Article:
For decades, researchers have mulled a link between childhood exposure to lead and criminal behavior. But a new long-term study of New Zealanders published in a medical journal finds only a modest association in teens that diminished later in life.
Childhood lead exposure is not consistently associated with criminal behavior later in life, according to Courthouse News Service, citing a report published Tuesday in the journal JAMA Pediatrics. The report should ease the minds of parents in areas where children have been exposed to high levels of lead in their drinking water. After adjusting for socioeconomic status, a team of researchers found a weak connection between childhood lead exposure and subsequent criminal offenses. Lead exposure was also not associated with recidivism or violence, according to the study. Childhood lead exposure has been associated with abnormalities in brain structures, childhood behavioral problems and lasting declines in intelligence, the authors write.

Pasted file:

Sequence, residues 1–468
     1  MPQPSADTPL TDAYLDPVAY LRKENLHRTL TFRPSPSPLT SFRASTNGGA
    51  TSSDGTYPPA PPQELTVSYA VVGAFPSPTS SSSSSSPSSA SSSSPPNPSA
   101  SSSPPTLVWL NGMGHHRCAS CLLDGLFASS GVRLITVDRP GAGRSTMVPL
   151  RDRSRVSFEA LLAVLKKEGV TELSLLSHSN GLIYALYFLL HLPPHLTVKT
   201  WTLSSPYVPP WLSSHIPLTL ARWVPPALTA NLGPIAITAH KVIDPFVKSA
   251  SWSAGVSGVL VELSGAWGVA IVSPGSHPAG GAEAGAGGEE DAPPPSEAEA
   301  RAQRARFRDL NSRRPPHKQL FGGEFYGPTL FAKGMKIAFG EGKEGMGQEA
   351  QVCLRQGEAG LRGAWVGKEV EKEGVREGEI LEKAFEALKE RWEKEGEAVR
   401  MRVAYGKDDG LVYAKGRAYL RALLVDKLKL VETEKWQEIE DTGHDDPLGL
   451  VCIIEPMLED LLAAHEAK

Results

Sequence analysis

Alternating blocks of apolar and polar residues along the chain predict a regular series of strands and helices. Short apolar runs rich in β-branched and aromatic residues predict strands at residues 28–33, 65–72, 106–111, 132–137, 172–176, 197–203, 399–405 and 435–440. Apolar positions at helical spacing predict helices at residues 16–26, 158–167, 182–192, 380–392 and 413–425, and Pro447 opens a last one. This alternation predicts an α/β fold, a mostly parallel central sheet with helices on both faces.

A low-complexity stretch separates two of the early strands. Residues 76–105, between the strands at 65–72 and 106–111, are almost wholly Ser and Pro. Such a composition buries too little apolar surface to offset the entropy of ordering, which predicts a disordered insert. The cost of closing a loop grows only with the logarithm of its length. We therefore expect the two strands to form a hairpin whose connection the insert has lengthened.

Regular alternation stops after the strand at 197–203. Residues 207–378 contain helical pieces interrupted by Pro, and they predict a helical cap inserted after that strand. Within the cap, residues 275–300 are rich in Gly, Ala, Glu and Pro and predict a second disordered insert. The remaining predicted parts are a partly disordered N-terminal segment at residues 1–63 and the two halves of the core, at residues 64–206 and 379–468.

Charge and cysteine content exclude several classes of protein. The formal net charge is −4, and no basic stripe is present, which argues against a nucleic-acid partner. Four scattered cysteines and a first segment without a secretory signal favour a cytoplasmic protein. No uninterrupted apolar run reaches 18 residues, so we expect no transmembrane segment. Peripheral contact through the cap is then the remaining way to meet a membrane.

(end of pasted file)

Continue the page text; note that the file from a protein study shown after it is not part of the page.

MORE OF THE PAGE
“One hypothesized behavioral effect of high levels of lead exposure is increased antisocial and criminal behavior,” they added. To test this theory, the team monitored 553 people born in New Zealand between 1972 and 1973 for more than three decades. After measuring the participants’ blood lead levels (BLL) when they were 11, the team tracked the group’s self-reported criminal offending up to age 38. In the end, 154 participants were convicted of at least one crime. “The variety of self-reported offenses was weakly associated with BLL and only reached statistical significance at ages 15, 18, and 26 years,” the study reads. “After controlling for sex, the association between higher BLL and variety of self-reported offenses remained weak and was statistically significant only at assessment age 15 years.”